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  • 1
    ISSN: 1619-7089
    Keywords: Key words: Small animal positron emission tomography ; Tracer Kinetics ; CFT ; Raclopride ; WAY-100635
    Source: Springer Online Journal Archives 1860-2000
    Topics: Medicine
    Notes: Abstract. With the stated aim of scanning small regions of interest in mice, several high-resolution positron emission tomographic (PET) systems are presently under development. Some, however, have low sensitivity and require high doses of radioactivity to achieve count statistics adequate to reconstruct small volumes. Using in vivo dissociation constants for three carbon-11 labelled ligands previously measured in rat brain, the present paper utilises simple saturation kinetics to estimate the limits on radioactivity and specific activity, to minimise the degree of receptor occupancy and achieve maximal specific binding of the radioligand. The extent of the problem is exemplified by considering a high-affinity ligand (dissociation constant in vitro ∼0.1 nM; in vivo ∼5 nmol/kg i.v. injected dose), where routinely produced levels of specific activity (∼100 MBq/nmol) would limit the activity injected into mice to ∼0.1 MBq for a 1% receptor occupancy. If, as is feasible, the new generation of high resolution PET systems requires an injected activity 〉10 MBq, then a 〉100-fold increase in specific activity would be needed for tracer kinetics to hold. The paper highlights the need to consider realistically achievable goals if high-resolution PET is to be accepted as a viable methodology to acquire pharmacologically and physiologically accurate ligand-receptor binding data in mice.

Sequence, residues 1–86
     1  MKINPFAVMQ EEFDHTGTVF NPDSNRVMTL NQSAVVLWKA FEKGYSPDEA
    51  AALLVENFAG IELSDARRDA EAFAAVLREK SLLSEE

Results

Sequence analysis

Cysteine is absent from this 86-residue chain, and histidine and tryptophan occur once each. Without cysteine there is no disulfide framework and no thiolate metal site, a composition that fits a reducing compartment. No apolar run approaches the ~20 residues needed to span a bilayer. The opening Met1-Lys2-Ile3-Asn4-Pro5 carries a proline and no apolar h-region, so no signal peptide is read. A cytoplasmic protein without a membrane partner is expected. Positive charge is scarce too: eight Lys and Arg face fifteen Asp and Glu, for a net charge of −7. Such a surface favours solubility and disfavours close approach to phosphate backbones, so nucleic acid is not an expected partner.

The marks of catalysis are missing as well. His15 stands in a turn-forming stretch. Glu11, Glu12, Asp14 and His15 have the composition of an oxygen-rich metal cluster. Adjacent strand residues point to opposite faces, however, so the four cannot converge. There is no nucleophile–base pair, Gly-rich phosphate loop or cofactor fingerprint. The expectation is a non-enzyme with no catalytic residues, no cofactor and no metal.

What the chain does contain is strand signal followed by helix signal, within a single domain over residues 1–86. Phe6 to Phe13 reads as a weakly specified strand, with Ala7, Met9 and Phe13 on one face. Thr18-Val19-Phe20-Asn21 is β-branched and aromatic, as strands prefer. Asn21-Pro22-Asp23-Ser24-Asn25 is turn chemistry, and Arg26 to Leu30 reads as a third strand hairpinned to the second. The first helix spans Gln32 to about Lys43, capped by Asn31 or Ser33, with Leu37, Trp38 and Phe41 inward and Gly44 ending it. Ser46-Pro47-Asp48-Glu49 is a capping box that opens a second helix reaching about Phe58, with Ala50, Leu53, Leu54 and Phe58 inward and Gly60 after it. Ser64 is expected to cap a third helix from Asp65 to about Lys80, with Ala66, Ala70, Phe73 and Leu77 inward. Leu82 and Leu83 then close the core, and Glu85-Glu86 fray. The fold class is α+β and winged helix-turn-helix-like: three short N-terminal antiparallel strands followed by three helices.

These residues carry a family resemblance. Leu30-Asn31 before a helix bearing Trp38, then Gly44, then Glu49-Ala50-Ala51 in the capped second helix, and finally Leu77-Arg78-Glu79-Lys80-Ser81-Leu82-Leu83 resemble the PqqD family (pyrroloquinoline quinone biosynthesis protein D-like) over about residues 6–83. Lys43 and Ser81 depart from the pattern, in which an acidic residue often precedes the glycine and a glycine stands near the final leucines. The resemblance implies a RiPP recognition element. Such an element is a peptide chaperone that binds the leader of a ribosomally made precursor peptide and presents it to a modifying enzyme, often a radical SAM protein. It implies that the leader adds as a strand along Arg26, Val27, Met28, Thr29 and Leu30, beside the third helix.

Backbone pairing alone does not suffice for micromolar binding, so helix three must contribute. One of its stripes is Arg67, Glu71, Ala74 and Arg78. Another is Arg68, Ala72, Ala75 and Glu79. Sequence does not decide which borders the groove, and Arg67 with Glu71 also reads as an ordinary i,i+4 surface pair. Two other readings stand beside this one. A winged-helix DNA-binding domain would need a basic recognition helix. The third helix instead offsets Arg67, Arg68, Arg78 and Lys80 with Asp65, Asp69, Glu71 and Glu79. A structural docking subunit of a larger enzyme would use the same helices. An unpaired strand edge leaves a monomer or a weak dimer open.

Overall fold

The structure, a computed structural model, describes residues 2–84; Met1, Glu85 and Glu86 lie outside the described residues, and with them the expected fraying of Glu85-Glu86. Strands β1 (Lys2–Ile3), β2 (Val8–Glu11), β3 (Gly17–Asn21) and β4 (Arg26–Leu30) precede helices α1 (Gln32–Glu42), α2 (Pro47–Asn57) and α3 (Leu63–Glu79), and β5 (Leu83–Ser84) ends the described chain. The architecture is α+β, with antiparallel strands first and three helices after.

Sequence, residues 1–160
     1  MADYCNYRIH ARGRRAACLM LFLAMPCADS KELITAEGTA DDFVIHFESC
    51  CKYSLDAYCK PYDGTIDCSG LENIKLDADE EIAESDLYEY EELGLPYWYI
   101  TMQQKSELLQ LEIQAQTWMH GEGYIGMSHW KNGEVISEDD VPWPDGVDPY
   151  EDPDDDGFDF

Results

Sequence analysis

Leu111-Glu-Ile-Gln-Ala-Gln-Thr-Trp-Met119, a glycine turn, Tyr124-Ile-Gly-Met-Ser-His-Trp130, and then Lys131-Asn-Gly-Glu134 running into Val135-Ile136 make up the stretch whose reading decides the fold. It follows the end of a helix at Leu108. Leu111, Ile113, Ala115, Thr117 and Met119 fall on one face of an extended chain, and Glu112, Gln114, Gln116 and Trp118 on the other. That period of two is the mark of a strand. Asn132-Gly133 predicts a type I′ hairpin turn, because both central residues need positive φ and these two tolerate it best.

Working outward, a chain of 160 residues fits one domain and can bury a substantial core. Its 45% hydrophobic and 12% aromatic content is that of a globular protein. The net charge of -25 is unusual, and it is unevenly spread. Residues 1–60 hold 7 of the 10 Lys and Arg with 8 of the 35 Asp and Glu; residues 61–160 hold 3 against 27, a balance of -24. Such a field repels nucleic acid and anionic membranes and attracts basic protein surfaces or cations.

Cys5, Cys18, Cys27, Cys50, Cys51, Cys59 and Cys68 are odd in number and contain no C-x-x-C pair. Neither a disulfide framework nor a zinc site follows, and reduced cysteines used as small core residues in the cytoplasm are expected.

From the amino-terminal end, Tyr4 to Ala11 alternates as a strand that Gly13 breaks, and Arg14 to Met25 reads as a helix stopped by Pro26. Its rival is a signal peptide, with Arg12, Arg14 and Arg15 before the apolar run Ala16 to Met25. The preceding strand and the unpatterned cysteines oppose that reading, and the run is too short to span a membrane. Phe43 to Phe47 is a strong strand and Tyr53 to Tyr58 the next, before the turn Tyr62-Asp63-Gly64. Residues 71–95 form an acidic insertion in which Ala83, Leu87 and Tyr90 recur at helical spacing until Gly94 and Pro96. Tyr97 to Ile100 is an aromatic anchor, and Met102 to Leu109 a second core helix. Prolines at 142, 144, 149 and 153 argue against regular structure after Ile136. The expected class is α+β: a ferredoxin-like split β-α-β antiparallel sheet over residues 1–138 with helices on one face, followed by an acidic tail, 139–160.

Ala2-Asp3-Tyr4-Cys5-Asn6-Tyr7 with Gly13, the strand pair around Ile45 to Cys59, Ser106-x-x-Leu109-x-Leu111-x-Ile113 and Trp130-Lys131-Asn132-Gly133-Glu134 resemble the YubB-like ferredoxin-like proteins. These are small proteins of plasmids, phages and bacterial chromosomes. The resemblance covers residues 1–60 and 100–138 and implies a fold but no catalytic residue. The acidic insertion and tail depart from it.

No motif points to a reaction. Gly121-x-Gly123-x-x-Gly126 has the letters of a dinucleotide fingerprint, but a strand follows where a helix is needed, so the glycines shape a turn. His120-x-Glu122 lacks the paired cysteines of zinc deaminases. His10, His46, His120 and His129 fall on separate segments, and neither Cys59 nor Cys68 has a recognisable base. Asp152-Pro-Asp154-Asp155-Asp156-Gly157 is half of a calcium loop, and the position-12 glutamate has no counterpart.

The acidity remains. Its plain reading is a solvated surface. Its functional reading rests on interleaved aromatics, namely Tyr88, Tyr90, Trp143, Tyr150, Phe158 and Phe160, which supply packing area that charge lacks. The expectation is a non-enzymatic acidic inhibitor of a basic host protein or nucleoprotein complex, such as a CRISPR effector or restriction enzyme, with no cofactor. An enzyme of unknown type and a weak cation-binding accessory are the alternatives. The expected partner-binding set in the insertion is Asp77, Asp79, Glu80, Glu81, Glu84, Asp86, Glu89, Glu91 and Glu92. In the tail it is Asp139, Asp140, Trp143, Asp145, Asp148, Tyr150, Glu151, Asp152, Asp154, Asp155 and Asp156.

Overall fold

Type of Medium: Electronic Resource
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  • 2
    ISSN: 1619-7089
    Keywords: Key words: Positron emission tomography –α2-adrenoceptor – RS-15385-197 – RS-79948-197
    Source: Springer Online Journal Archives 1860-2000
    Topics: Medicine